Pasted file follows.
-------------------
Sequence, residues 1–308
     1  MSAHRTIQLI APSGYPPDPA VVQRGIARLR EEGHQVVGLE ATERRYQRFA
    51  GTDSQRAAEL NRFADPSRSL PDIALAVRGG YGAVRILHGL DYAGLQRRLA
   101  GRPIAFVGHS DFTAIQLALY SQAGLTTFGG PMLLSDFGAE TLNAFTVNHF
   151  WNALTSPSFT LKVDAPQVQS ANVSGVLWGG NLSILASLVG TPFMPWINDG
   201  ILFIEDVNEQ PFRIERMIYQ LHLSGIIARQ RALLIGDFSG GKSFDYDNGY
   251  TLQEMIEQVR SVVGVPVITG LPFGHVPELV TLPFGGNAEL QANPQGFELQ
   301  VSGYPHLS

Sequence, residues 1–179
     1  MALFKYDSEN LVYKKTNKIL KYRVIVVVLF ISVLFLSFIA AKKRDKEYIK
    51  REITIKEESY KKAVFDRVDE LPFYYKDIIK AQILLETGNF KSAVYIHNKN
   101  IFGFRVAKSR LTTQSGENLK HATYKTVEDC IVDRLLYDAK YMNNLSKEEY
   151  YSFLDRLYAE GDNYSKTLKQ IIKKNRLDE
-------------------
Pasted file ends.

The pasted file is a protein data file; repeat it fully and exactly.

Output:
Sequence, residues 1–308
     1  MSAHRTIQLI APSGYPPDPA VVQRGIARLR EEGHQVVGLE ATERRYQRFA
    51  GTDSQRAAEL NRFADPSRSL PDIALAVRGG YGAVRILHGL DYAGLQRRLA
   101  GRPIAFVGHS DFTAIQLALY SQAGLTTFGG PMLLSDFGAE TLNAFTVNHF
   151  WNALTSPSFT LKVDAPQVQS ANVSGVLWGG NLSILASLVG TPFMPWINDG
   201  ILFIEDVNEQ PFRIERMIYQ LHLSGIIARQ RALLIGDFSG GKSFDYDNGY
   251  TLQEMIEQVR SVVGVPVITG LPFGHVPELV TLPFGGNAEL QANPQGFELQ
   301  VSGYPHLS

Sequence, residues 1–179
     1  MALFKYDSEN LVYKKTNKIL KYRVIVVVLF ISVLFLSFIA AKKRDKEYIK
    51  REITIKEESY KKAVFDRVDE LPFYYKDIIK AQILLETGNF KSAVYIHNKN
   101  IFGFRVAKSR LTTQSGENLK HATYKTVEDC IVDRLLYDAK YMNNLSKEEY
   151  YSFLDRLYAE GDNYSKTLKQ IIKKNRLDE